To Act with Mālama: 5 Meaningful Ways to Connect with Hawaiian Culture 

When I’m in the Hawaiian Islands, I spend part of my time participating in cultural experiences and volunteering opportunities centred around mālama. The word, meaning to “care for,” highlights one of the things that makes the destination special—the interconnected relationship between people and nature. While you exercise mālama for Maui residents as they rebuild their lives after the devastating August wildfires, try these activities for a deeper Hawaiian cultural connection. 


According to the Kumulipo—the Hawaiian creation chant—the kalo (taro) plant is a sacred connection to the ancestors, and all Hawaiians trace their roots back to it. It’s also one of the canoe plants, which are the plants the first Polynesians brought with them in their canoes when settling the Hawaiian Islands. On volunteer Saturdays, immerse yourself in the rich tradition of this original canoe plant at Hoʻokuaʻāina, a loʻi (kalo farm) that uses ancient traditions of cultivation to improve the lives of today’s youth and build a healthy community. The work in the kalo field can get muddy, but when you’re done, you’ll understand why kalo is treated with great respect. 

Walled, coastal fishponds are a unique and advanced form of Hawaiian aquaculture found nowhere else in the world, providing Hawaiians with a regular supply of fish regardless of ocean conditions. Built nearly 800 years ago, the Heʻeia Fishpond encloses 88 ac of water and measures 2 km / 1.3 mi long. Volunteer workdays with Paepae o Heʻeia (2nd and 4th Saturdays of the month) give visitors the chance to help with restoration tasks, like moving rock and coral, removing invasive mangrove and seaweed, and picking up trash. 

Local food production is reducing reliance on imports. (©Common Ground)


With an average annual rainfall of only 30 cm / 12 in, the Waikōloa Forest Preserve is one of the driest places in the Hawaiian archipelago and home to a very different assemblage of plant species—from the deciduous wiliwili tree to the shrub-like ʻōhai. Join the Waikōloa Dry Forest Initiative on their monthly huakaʻi (a travel experience with a defined purpose), where you can learn about the remnant lowland dry forest the non-profit is working to restore. Additionally, there are twice-monthly volunteer opportunities to plant trees, collect native seeds, and propagate plants. 


With a goal of building the farm of the future, Common Ground’s 83-acre agricultural campus is part of the growing movement to increase local food production, breaking the reliance on imported food. The organization offers a twice-weekly (Thursday and Friday) farm and food experience to showcase and taste fruit and vegetables from their regenerative food forest, demonstrating a model for how food can be grown in harmony with nature, as well as 100% island sourced. Before you leave, buy some of the Hawaiian-made, high-quality products at the Common Ground Market to bring home.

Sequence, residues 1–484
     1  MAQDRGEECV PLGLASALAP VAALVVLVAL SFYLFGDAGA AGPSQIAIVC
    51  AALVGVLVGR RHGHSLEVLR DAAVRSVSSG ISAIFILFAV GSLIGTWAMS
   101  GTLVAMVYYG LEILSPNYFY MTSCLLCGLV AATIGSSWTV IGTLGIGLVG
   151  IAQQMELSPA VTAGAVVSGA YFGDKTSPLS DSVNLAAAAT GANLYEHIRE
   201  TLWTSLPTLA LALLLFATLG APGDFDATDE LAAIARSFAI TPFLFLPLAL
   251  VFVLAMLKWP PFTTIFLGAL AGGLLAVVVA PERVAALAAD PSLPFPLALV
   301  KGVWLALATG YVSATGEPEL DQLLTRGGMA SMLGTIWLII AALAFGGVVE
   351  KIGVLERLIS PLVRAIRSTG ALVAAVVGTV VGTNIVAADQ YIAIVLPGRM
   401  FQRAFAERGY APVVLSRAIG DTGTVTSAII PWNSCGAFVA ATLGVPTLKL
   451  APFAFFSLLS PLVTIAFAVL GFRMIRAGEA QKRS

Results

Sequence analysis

Help keep the beaches of Kauaʻi clean by being an ocean-friendly visitor. Surfrider Kauaʻi encourages packing reusable water bottles and bags, using only reef-friendly sunscreen, admiring wildlife from afar, and packing out everything you bring along for a beach day—or even helping pick up trash left behind by careless visitors. The organization also does a weekly Net Patrol cleanup, where all you need to do is show up and help. 

This article was originally published in No. 31 of Globetrotting Magazine.

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Jill Robinson
Jill Robinson

Jill K. Robinson writes about travel and adventure for National Geographic, AFAR, Condé Nast Traveler, Travel + Leisure, Outside, Sierra, Virtuoso The Magazine, Hemispheres, and more. She has won three Lowell Thomas Awards from the Society of American Travel Writers Foundation in the categories of Foreign Travel, Culinary-Related Travel, and Environmental and Sustainable Tourism. Jill’s book collaboration with Gordon Ramsay and National Geographic—Gordon Ramsay’s Uncharted: A Culinary Adventure with 60 Recipes From Around the Globe—was published in April 2023.

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